If a Christian leader works across several a variety of parachurch ministries, they need to declare these various activities as potential conflicts of interest to each leadership team they are accountable to. They cannot simply presume to use the public platform and mailing lists of one ministry to promote another parachurch ministry, especially if they personally benefit from this ministry. They need to be examine their motivations before requiring their team members to purchase books they have written; or to subscribe to services or register for conferences hosted by external organisations they are involved with. So also, if they are employed by a local church they must be careful not to privilege this church in their local parachurch activity, such as inviting all the university to their church from the campus Christian Union they help lead.
If a Christian leader chooses to keep substantial external income, additional steps need to be taken to guard against greed and to avoid any appearance of greed. This might mean publicly declaring how much of their income they give away. Or it might mean the establishment of a trust, whose trustees decide how much income might go to the Christian leader and what to do with the rest. If a Christian leader can be freed up from relying on income from their primary employer, this obviously allow the money that would otherwise go to their salary to go to other good causes. Lack of financial dependence might even make such a leader a more courageous truth-teller, since they do not fear for job security. However, such freedom could also lead to an unhelpful autonomy which should be restrained by a clear set of expectations and accountability.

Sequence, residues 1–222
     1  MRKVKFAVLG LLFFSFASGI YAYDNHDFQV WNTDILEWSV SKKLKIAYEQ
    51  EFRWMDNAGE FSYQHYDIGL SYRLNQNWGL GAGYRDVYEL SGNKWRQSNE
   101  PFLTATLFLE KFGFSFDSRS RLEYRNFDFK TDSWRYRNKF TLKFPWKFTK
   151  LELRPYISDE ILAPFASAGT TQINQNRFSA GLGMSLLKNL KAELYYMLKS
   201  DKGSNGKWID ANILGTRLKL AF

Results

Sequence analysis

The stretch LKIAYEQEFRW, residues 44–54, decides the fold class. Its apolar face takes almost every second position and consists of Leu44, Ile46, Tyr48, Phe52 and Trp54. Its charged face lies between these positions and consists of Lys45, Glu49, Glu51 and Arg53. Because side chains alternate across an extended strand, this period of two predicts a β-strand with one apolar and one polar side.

The less the parachurch work is the work of gospel ministry, the less directly these concerns apply. Being employed as a preacher is different than being employed as a parachurch administrator or a teacher in a Christian school. But even in these other cases, many of these principles are still worth considering and applying as is appropriate.
About Xian Reflections
Xian Reflections is written by Mikey Lynch.
Mikey graduated from the University of Tasmania with a Bachelor of Arts in 2002. In 2000 he became one of the founding leaders of Crossroads Presbyterian Church where he was the lead pastor for 7 years from 2003.
Mikey now works as the Campus Director of the University Fellowship of Christians, University of Tasmania, Hobart. Mikey is the chairman of The Vision 100 Network (Tasmania) and a founding director of Geneva Push (national) – both church planting networks. He is also a chaplain at Jane Franklin Hall and the chairman of New Front Door: the Church IT Guild.